"But we need to see prior work in this field," he countered. "That is a key factor in our accepting experimental protocols!"
In that instant, I understood an intrinsic flaw in the cancer research industry. In order to realise easy acceptance of ideas and receive grants, it was important to show that you were travelling down the same well-worn path of prior investigations.
"I don't understand," I replied. "Are you telling me that you won't do this because it hasn't been done before?"
"It is hard for me to allocate funds to work lacking prior experimental and data references." (In essence, he meant "yes".)
"We have no cure for cancer; we aren't even close. How will we find it if we don't explore new avenues?" I did not mean to sound cocky, but all of my hope and courage were suddenly dissipating. I was being rejected.
"We are on a strict budget and have defined guidelines."
I would not be dismissed; my chance to save my father demanded their acceptance.
"Okay, I'll pay for it!" (The first of many times that this phrase would pass my lips, and about the only time that I would not regret it.)
Dr Jose smiled and relented. "We'll see," he said. "Go do an intensive literature search; we'll start arranging things next week. Your ideas are interesting and worth exploring."
My father, Isaac, was by now confined to a wheelchair and my mother, Catherine, catered to his every need and whim. He had been a whirlwind, an active workaholic who delighted in helping the ill. Now confined to a chair and to bed, he exhibited a spirit and attitude that I have since come to realise is far from common. Isaac wasted no time cursing his debility but would focus on how long he was able to stay in his garden, tending to his plants, or on how active and pain-free he could be on a particular day.
That day, my father and mother awaited my return from the conference with anticipation. That night, my home was filled with intense happiness, hope and prayer.
The experiment I had proposed was amateurish in its simplicity. The small intestine dealt with foreign challenges from ingested food on a continuous basis. Mechanisms for immunologically dealing with harmful agents had to be dramatic, rapid and effective. Every time an organism entered our intestine, we did not have the luxury of mounting a slow response with temperature, lethargy and all the normal physiologic and metabolic features of an immune response. It had to be eliminated with prejudice and finality.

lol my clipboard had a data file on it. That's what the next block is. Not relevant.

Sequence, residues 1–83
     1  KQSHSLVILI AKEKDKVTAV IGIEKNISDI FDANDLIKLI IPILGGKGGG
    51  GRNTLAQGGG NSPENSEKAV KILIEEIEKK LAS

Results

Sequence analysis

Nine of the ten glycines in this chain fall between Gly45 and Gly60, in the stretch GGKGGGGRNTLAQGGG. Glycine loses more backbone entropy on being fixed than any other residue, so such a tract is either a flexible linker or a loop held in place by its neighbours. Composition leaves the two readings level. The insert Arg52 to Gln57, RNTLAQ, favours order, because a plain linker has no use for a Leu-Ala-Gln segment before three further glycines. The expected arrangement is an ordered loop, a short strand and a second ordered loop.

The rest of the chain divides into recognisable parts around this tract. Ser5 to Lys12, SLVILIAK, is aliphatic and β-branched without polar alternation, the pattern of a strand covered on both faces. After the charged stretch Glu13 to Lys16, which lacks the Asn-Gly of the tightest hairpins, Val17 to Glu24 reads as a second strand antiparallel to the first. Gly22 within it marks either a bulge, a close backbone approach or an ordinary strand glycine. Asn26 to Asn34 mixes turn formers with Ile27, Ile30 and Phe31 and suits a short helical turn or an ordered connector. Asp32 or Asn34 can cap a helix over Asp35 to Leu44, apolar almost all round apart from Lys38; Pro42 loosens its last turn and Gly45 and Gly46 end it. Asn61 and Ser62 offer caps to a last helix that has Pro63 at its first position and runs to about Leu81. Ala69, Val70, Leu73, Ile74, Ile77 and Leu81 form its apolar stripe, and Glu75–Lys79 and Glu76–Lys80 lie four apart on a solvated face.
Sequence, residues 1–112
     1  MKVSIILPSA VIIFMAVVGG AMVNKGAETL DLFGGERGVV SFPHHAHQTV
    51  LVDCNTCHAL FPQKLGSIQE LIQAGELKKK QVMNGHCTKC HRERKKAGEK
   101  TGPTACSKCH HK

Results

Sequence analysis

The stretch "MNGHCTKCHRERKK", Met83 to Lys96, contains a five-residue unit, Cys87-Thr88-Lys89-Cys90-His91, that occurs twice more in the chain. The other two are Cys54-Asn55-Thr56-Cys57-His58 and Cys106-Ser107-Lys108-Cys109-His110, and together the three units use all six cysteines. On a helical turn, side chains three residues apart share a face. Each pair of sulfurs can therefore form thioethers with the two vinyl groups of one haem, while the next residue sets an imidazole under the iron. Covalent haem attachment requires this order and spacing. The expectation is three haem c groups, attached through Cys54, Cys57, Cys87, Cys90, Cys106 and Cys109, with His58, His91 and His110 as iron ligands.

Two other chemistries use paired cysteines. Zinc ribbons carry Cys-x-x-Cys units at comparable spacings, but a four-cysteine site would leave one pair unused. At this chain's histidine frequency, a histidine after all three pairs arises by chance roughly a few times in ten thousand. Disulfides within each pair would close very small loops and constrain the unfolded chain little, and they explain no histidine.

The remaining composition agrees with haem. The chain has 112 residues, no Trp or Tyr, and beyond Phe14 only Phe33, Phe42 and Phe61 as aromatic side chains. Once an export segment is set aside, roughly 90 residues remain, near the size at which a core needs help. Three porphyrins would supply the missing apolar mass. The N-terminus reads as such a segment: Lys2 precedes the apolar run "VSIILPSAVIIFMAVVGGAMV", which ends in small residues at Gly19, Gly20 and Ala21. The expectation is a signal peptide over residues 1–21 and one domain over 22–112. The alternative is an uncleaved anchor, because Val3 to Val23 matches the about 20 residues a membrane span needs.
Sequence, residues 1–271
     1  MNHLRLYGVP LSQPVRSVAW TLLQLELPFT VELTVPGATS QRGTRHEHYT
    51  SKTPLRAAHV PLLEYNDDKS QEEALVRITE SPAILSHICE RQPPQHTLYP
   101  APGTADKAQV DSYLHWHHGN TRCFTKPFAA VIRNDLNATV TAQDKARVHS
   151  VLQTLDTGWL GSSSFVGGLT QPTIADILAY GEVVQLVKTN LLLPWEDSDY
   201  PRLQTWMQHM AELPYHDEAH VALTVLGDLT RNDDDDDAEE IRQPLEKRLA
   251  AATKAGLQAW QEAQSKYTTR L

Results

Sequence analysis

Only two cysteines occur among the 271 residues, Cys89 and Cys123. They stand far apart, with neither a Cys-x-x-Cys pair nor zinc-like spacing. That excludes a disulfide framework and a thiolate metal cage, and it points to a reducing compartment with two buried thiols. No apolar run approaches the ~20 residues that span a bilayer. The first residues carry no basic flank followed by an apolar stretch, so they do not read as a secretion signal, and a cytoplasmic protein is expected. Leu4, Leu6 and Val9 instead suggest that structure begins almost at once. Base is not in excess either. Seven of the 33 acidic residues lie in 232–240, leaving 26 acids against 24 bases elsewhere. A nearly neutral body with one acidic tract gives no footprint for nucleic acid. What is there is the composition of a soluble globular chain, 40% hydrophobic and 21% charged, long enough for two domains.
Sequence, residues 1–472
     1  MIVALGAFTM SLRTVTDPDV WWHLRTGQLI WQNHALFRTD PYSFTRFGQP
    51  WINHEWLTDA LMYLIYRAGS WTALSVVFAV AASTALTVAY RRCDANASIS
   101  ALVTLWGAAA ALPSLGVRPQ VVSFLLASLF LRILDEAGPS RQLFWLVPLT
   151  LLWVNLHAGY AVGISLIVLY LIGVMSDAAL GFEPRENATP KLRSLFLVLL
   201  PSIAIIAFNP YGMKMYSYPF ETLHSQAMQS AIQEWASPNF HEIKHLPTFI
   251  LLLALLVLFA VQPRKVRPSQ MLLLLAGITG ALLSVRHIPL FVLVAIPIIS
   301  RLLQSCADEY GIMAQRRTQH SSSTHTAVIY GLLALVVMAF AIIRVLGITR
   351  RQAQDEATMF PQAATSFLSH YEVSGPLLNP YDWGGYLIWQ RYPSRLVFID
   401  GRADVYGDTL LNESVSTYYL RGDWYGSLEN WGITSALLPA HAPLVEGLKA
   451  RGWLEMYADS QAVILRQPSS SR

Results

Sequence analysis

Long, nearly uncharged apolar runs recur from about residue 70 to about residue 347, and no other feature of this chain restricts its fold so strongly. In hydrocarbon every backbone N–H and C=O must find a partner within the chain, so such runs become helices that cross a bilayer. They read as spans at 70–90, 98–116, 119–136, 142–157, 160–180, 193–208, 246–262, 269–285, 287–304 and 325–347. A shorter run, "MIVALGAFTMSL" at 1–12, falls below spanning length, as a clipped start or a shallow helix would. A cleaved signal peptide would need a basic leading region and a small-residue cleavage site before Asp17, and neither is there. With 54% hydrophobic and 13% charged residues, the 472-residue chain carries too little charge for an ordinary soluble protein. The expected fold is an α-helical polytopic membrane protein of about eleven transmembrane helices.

Neighbourhood lymphocytes in the blood and other organs would never meet such overwhelming numbers of challenges, as several barriers needed to be passed first; their response therefore could afford to be more delayed. Immune cells from respiratory passages would also be expected to act rapidly, but they did not appear resistant to the spread and appearance of cancer. Peyer's patches would protect the small intestine against direct invasion from the large bowel cancers as well as blood-borne metastases. I reasoned that their cancer-killing ability should be visible within minutes.
Others in the laboratory were sceptical, and with reason. Data repeated from decades of studies indicated that it would take the incubation of 50,000 to 100,000 white blood cells for three days with cancer cells and immunostimulants for some of these cells to kill one cancer cell. The effect was often so subtle that radio-uptake and leakage studies had to be undertaken to detect differences. This involved incubating cancer cells with radioactive isotopes of an agent such as caesium, to allow the cancer cells to absorb it. When damaged, cancer cells would then leak the radioactive caesium and that leakage can be measured to indicate cell damage. I reasoned that the effect would be easily seen on light microscopy with oesin uptake. This technique is one where a red dye is added to the cells. Living cells have an active pump system and patent membranes that stop dye entry, whereas damaged and dying cells would be coloured by the oesin.
Control studies using cells from Peyer's patches that had not been exposed to cancer, showed cancer viability close to 95 per cent. Spleen cells from unexposed animals did the same. Spleen cells from animals that had been carrying the cancer gave me a surprising finding of 100 per cent viability of cancer and an actual increase in cancer count after short-term incubation. It appeared that spleen extract from a diseased animal was actually promoting tumour growth. I did not pay much attention to that finding at the time; I was searching for a cure, not riddles.